COLUMBUS, OH — The Powder Coating Research Group, Columbus, Ohio, has become a partner in the international effort to eliminate lead-based paint throughout the world. The Global Alliance to Eliminate Lead Paint is a voluntary collaborative initiative to catalyze efforts to achieve international goals of preventing children's exposure to lead from paint and minimizing occupational exposures to lead paint. Its broad objective is phasing out the manufacture and sale of paints containing lead to eventually eliminate the risks that such paints pose.

The president of PCR Group, Kevin Biller, explained, “After traveling the world in my role as a powder coating advocate, I found that many developing nations suffer the bane of exposure to lead-containing coatings.” He further stated, “Not only is the workforce in paint manufacturing facilities exposed to unacceptably high levels of lead and other heavy metals, but consumers, including children and aftermarket personnel are regularly exposed through toxic scenarios such as chipping paint and the refurbishment of coated items.”

The Global Alliance to Eliminate Lead Paint is a joint effort by the World Health Organization and the United Nations Environmental Programme. Major paint suppliers like AkzoNobel and Jotun are partners as well as a number of coatings trade groups such as the American Coatings Association, British Coating Federation and ABRAFATI.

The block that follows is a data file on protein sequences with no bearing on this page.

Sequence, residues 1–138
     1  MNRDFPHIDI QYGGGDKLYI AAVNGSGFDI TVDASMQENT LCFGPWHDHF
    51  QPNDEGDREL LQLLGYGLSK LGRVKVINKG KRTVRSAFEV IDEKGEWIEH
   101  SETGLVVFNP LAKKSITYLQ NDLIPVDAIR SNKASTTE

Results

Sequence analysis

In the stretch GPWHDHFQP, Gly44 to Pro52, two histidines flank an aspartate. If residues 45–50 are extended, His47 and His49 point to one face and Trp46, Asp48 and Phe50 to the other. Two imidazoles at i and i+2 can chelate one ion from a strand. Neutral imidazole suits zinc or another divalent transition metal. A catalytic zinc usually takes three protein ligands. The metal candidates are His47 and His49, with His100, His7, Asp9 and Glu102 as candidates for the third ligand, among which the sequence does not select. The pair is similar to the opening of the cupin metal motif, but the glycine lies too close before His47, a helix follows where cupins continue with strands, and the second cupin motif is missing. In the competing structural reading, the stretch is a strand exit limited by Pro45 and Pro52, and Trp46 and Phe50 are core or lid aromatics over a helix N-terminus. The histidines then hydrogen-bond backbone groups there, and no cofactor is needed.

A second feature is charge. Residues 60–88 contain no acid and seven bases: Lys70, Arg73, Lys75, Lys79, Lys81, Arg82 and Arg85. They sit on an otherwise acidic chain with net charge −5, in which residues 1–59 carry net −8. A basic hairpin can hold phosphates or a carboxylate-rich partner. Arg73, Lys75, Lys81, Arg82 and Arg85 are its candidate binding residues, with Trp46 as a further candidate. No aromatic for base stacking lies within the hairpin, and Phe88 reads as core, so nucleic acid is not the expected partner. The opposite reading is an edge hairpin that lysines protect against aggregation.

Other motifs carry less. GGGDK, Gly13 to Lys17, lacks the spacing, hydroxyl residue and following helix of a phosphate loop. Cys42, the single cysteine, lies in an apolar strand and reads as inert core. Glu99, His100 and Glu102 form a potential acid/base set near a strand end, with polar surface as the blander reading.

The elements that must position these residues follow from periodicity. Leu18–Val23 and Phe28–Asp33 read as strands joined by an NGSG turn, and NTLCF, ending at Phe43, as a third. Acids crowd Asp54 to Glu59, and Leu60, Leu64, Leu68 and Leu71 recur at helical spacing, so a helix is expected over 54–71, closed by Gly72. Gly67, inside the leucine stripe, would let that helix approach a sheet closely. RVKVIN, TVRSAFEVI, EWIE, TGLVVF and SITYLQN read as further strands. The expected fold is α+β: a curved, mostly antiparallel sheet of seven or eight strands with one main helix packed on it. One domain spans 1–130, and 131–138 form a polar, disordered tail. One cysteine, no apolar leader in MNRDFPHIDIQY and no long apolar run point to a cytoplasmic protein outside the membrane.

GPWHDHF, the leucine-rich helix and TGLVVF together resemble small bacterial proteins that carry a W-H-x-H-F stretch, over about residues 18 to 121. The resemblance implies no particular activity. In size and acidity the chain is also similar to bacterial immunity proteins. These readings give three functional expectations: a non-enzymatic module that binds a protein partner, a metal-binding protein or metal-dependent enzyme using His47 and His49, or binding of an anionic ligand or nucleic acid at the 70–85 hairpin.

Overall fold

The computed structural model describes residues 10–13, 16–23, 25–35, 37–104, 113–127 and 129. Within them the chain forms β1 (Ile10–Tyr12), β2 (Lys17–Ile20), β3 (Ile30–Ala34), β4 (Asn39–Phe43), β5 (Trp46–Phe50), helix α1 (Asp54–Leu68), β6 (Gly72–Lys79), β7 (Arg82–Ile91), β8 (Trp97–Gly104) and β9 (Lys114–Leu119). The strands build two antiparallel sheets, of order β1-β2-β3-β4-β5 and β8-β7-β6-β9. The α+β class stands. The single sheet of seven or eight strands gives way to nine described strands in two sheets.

The Lead Paint Alliance is guided by an Advisory Council chaired by the U.S. EPA and consists of government representatives from Colombia, Republic of Moldova, Kenya, Thailand, the International Pollutants Elimination Network (IPEN), Health and Environmental Alliance (HEAL), the American Bar Association Rule of Law Initiative (ABA ROLI), the World Coating Council, AkzoNobel, and Pacific Paint (Boysen) Philippines.

The negative impact of lead exposure to humans cannot be overstated. Exposure to lead occurs when paint flakes off window frames, doors, playground equipment and other consumer items. Lead-containing paint particles can then poison groundwater, soil and the atmosphere. Eventually, humans ingest lead through food, drinking water and the respiratory system. Even trace amounts of lead cause serious health issues in children, including significant cognitive impairment, loss of appetite, stunted growth, poor language development, sluggishness, and reduced weight. The concentration is accumulative, as the body does not easily metabolize lead.

The economic impact of health impairment from lead exposure has been estimated to be nearly $135 billion in Africa. The cost to switch to non-lead-based paints is miniscule in comparison for paint makers and their customers.

PCR Group is in the process of drafting a white paper that identifies viable pigment replacements for lead-based colorants commonly used by paint manufacturers in many developing nations. Biller will be presenting these options at the North African Coatings Congress being held in Casablanca in October 2020.